As a tool for shaping international environments, American national policy is going to focus on routine operations to the moon. If that doesn't excite you, I don't know why you're watching this video in the first place. That really is exciting for me. Routine operations to the moon. I'll never get used to that. It’ll never get old to me. They talk about it being more than just a physical destination. I think that's true. It's a symbolic destination as much as anything else.
I was once in a meeting where somebody was asking us What role the moon plays? I sat with this woman afterward for a while and talked with her. She said something very profound to me is that The moon is really the one thing that all humanity ever has had in common. We can't look at the sun. The sun doesn't have the same psychological connections to us. But the moon, every human who has ever lived has had a personal relationship with the moon. The moon is very symbolically powerful than just a physical destination. It helps us answer scientific questions. It helps us understand new capabilities, technologies, and eventually building an adaptable space infrastructure with our international partners. That's what the moon means in this document.
Two main things that we're going to do. We're going to develop technologies and capabilities and operate on another planetary surface. That's what this document's all about. If you don't read all 23 pages or if you just decide you're going to read one sentence, this is the sentence to read. We're going to do these two things. We're going to get better at technology and capabilities. We're going to go to another planet. It starts with the moon. That's it. The end. You'll need to read the rest of the 23 pages.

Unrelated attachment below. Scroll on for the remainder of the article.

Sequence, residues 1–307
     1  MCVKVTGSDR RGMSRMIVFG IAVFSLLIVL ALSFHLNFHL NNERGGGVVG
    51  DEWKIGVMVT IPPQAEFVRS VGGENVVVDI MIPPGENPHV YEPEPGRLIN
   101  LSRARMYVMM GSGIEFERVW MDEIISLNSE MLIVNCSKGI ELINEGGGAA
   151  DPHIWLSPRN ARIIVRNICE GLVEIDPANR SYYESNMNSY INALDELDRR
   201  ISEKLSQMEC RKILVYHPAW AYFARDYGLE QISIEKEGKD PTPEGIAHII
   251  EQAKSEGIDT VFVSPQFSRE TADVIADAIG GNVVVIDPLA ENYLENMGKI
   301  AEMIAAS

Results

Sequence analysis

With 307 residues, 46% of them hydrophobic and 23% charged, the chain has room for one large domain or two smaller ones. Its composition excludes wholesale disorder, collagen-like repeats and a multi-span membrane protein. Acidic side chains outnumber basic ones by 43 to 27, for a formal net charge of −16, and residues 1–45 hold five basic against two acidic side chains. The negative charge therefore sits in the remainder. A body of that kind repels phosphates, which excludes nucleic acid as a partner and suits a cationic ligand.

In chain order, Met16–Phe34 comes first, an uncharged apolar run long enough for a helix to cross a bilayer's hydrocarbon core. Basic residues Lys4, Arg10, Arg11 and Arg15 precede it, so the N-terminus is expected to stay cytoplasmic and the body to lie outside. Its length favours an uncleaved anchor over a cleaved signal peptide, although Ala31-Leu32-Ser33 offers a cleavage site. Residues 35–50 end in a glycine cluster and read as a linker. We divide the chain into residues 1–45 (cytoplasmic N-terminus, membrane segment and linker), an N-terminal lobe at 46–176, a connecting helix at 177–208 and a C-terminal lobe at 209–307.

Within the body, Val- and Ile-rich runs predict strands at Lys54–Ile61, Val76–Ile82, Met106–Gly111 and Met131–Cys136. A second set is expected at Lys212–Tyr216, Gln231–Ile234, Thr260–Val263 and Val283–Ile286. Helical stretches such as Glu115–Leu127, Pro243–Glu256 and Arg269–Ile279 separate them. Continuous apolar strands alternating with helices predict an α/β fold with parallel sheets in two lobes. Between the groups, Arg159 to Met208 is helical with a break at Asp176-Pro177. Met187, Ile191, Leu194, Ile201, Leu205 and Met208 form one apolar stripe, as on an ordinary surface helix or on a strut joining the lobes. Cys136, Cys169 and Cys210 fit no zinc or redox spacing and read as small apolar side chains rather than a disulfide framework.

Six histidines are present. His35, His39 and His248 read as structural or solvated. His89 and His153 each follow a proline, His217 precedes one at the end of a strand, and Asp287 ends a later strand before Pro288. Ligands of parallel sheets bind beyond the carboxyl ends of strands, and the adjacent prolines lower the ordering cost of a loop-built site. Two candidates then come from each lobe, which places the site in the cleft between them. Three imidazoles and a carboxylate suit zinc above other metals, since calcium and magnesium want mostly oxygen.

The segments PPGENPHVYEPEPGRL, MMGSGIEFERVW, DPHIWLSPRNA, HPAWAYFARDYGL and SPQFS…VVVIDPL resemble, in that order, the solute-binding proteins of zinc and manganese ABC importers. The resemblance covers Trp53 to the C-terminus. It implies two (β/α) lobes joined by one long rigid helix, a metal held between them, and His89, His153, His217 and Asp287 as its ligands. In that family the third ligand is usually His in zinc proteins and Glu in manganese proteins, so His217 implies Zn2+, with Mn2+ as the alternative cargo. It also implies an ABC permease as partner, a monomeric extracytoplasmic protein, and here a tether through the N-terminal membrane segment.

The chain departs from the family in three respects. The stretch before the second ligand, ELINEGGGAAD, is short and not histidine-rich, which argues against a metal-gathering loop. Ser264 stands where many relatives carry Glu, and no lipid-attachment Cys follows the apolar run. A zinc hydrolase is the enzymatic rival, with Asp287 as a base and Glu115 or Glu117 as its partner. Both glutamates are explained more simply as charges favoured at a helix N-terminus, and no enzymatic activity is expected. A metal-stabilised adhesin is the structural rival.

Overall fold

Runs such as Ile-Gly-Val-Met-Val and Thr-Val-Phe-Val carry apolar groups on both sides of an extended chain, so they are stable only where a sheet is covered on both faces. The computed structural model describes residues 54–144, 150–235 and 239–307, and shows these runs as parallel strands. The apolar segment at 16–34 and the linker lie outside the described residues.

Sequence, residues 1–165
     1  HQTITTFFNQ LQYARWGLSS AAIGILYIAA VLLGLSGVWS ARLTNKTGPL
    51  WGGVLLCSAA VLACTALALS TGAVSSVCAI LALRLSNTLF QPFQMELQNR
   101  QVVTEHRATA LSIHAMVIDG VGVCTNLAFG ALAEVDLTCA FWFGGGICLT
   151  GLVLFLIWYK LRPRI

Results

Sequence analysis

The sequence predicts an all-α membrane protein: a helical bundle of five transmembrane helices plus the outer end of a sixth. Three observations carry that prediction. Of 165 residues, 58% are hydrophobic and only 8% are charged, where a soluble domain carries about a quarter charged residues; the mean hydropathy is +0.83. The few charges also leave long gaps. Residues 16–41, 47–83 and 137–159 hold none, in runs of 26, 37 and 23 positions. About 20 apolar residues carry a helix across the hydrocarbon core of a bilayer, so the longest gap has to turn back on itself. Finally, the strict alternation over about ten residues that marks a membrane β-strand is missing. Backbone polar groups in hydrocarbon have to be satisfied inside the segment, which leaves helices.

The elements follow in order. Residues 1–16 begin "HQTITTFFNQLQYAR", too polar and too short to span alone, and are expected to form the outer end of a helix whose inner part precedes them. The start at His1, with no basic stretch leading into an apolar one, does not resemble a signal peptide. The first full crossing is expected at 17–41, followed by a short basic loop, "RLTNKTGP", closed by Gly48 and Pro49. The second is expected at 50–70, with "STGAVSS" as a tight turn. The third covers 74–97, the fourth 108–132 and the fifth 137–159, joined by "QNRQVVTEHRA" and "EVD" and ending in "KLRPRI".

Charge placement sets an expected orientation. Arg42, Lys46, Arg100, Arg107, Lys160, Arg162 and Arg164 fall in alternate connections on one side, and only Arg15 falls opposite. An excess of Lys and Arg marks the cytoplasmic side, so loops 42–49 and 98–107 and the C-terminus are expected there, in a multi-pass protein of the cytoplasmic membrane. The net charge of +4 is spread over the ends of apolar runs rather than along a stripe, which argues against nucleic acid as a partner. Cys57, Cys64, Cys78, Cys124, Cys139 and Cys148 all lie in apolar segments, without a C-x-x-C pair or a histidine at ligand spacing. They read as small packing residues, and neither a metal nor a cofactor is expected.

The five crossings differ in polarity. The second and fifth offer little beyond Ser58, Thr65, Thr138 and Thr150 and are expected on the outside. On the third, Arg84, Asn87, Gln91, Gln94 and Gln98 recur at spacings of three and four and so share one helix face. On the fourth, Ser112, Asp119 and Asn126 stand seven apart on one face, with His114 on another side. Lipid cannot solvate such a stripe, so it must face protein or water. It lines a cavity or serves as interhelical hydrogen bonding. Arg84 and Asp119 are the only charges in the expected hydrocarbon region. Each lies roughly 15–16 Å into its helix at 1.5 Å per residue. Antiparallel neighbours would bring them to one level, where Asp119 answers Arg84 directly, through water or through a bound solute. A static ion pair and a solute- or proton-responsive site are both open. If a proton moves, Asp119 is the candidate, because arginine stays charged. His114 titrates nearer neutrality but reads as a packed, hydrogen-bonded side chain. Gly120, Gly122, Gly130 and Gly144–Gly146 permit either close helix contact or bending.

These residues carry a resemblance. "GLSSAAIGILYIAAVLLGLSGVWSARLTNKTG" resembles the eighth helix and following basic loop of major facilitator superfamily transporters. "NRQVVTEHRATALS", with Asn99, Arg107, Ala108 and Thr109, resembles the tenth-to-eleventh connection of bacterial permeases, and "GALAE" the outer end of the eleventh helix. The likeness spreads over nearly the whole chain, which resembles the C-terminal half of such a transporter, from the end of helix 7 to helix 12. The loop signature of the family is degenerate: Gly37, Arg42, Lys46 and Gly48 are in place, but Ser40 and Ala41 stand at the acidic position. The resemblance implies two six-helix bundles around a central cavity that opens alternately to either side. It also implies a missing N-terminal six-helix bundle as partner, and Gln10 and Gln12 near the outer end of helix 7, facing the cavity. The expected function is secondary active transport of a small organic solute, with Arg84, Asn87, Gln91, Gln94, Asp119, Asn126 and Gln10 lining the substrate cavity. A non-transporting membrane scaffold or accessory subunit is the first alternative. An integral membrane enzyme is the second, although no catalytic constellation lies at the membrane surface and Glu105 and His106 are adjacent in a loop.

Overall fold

Moving on what if a quote malign competitor does it. Whenever you read a document like this, you don't have to use misleading language. In the document like this, what malign competitor means very bluntly China and to a lesser degree Russia?
I’m actually surprised they didn't put that direct language in here because that's in lots of other documents. But that's really what they're talking about. If we don't get there first and somebody else does, then they get all the benefits. This is saying we're going to go and take all of our friends with us. I like this a lot last line about the abiding presence of the United States. I know the last four years have been really bumpy for our international partners. There have been fewer security people who have not really known where we stood on somethings. I like this line of bad and abiding presence and I feel like that alludes to the U.S Space Force in some significant ways. So, you can read into that what you like. But this set of sentences really about there's some defense elements to this paragraph."